See Also:

Oracle Database SecureFiles and Large Objects Developer's Guide for information about using DBFS

1.7.1.4 Considerations for Downgrading and Compatibility for Upgrading Oracle Database

Before upgrading to Oracle Database 12c, the COMPATIBLE initialization parameter must be set to at least 11.0.0. Only a subset of Oracle Database 12c features are available while the COMPATIBLE initialization parameter is set to this value.

After upgrading to Oracle Database 12c, you can set the COMPATIBLE initialization parameter to match the release number of the new release. Doing so enables you to use all features of the new release, but prevents you from downgrading to your earlier release.

Important:

After you increase the COMPATIBLE parameter, the database cannot be downgraded.

See Also:

Chapter 6, "Downgrading Oracle Database to an Earlier Release" for more information about downgrading

1.7.1.5 How the COMPATIBLE Initialization Parameter Operates in Oracle Database

The COMPATIBLE initialization parameter controls the behavior of your Oracle database. The COMPATIBLE initialization parameter operates in the following way:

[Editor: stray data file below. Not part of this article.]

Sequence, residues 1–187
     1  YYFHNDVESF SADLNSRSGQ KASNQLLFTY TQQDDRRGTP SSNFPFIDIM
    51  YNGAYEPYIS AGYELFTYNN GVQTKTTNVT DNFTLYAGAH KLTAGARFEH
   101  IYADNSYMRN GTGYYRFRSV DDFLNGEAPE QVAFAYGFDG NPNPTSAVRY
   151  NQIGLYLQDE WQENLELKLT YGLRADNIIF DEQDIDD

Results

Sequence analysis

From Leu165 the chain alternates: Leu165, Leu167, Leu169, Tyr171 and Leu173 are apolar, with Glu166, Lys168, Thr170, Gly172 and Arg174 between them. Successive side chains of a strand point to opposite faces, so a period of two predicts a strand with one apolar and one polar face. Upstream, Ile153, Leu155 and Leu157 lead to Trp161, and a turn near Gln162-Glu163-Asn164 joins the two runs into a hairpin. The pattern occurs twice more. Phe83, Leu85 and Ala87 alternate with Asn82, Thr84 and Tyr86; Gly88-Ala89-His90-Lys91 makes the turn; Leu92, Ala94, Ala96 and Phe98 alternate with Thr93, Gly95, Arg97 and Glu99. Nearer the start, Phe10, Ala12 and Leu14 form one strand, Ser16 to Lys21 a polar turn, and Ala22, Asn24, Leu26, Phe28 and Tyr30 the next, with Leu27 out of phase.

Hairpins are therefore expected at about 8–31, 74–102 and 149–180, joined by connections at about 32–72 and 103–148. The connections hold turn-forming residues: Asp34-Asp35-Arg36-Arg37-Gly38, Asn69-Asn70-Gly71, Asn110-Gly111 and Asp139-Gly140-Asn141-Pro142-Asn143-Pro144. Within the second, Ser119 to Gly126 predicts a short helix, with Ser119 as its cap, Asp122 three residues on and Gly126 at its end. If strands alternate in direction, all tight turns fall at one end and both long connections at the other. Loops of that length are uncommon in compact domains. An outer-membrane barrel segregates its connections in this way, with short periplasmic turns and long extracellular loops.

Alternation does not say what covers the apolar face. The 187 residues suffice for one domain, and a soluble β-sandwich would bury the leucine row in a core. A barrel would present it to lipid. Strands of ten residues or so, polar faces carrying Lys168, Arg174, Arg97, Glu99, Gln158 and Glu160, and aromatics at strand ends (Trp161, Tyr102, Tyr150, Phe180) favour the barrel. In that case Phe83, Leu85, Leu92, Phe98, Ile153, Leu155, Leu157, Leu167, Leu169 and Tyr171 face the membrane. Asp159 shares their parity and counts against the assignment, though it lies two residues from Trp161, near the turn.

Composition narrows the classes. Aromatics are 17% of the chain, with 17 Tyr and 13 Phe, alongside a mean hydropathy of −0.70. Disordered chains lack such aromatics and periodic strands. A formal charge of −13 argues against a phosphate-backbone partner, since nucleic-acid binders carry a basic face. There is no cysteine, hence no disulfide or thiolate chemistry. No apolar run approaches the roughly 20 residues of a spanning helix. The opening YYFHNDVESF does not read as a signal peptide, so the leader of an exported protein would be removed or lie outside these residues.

• If you run an Oracle Database 12c database with the COMPATIBLE initialization parameter set to 11.0.0, then it generates database structures on disk that are compatible with Oracle Database 11g. Therefore, the COMPATIBLE initialization parameter enables or disables the use of features. If you try to use any new features that make the database incompatible with the COMPATIBLE initialization parameter, then an error occurs. However, any new features that do not make incompatible changes on disk are enabled.

  • If the database becomes incompatible with the COMPATIBLE initialization parameter setting, then the database does not start and terminates with an error. If this happens, then you must set the COMPATIBLE initialization parameter to an appropriate value for the database.

See Also:

Oracle Database Concepts for more information about database structures

1.7.1.6 Checking the Compatibility Level of Oracle Database

The compatibility level of your database corresponds to the value of the COMPATIBLE initialization parameter.

To check the current value of the COMPATIBLE initialization parameter 

  • Enter the following SQL statement:

    SQL> SELECT name, value FROM v$parameter
             WHERE name = 'compatible';
    

1.7.1.7 When to Set the COMPATIBLE Initialization Parameter in Oracle Database

Oracle recommends increasing the COMPATIBLE parameter only after complete testing of the upgraded database has been performed. After the upgrade is complete, you can increase the setting of the COMPATIBLE initialization parameter to the maximum level for Oracle Database 12c. However, after you increase the COMPATIBLE parameter, you cannot subsequently downgrade the database.